I love this kind of data stuff – via Lauren Markoe of Religion News Service: In 2015, 58% of Mormons favored allowing a small business owner in their state to refuse to provide products or services to gay or lesbian people, if doing so violates their religious beliefs, compared to 38% opposing the statement (sample size of 740 respondents). In 2016, 42% favored the statement while 52% opposed the statement. “But in the new 2016 survey…Mormons showed the second-highest rates of approval. About 42 percent of Mormons backed businesspeople who deny services in the latest survey, as opposed to the 58 percent who favored them the previous year.”
Rockers Dan Reynolds and Wayne Sermon of Imagine Dragons (fellow Mormons) sat with Michel Martin of NPR to talk the newest album, and … naturally … Mormonism came up. Concerning his current faith, Reynolds said “But as far as faith — it never came easy for me. And in fact, I really struggled with believing in Mormonism since I was young. I grew up in a large family — eight boys, one girl — and everybody went on missions and everybody seemed to be super full of faith. And for me, I really had a hard time believing in anything, even a God.”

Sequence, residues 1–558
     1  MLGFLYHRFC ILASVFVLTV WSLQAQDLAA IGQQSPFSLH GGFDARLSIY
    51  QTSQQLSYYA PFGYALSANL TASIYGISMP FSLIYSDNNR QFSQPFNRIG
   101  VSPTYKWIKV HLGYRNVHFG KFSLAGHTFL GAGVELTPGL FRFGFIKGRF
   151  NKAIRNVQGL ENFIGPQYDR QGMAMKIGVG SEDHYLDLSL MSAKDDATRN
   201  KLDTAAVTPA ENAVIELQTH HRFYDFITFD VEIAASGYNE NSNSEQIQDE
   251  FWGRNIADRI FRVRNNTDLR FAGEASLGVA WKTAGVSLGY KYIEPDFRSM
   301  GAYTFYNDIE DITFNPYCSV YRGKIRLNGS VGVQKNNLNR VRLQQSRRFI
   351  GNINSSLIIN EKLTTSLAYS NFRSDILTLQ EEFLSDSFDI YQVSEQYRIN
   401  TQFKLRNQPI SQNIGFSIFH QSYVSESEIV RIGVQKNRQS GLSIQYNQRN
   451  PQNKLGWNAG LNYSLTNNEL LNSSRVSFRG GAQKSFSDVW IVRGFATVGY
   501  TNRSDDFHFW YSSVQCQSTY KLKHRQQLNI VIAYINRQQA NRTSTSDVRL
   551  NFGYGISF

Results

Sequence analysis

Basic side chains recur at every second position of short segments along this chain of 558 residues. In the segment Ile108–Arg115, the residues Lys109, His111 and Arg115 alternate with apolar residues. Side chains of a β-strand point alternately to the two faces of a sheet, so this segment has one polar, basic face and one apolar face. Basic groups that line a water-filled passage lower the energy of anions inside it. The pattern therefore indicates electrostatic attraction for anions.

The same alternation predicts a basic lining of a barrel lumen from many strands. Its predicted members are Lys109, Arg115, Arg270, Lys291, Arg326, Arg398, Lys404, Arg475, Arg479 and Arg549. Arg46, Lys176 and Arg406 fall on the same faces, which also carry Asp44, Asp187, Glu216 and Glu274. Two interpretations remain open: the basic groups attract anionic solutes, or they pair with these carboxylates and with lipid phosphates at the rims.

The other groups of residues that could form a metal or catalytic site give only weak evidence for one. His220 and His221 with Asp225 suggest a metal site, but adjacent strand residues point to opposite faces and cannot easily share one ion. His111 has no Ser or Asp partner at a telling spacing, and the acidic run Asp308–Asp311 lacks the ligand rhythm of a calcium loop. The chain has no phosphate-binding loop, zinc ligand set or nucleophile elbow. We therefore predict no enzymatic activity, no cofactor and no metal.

So this could be interesting – Stephen Kerr is a British Conservative politician who has been a Member of Parliament (MP) since June 2017. He’s also a fellow Mormon, including serving as the “National Priesthood Chairman of the Public Affairs Committee for the Church of Jesus Christ of Latter-day Saints,” and creating a Stregic Plan for Great Britian. The Sunday Herald is reporting that “gay men were ‘outed’ by homophobic church leaders when Kerr was a high-ranking figure in the church,” and has called on Kerr to clarify whether or not he supports equality.This is a continuing back-and-forth between Kerr and the Herald, and will be interesting to see if they continue to pursue Kerr.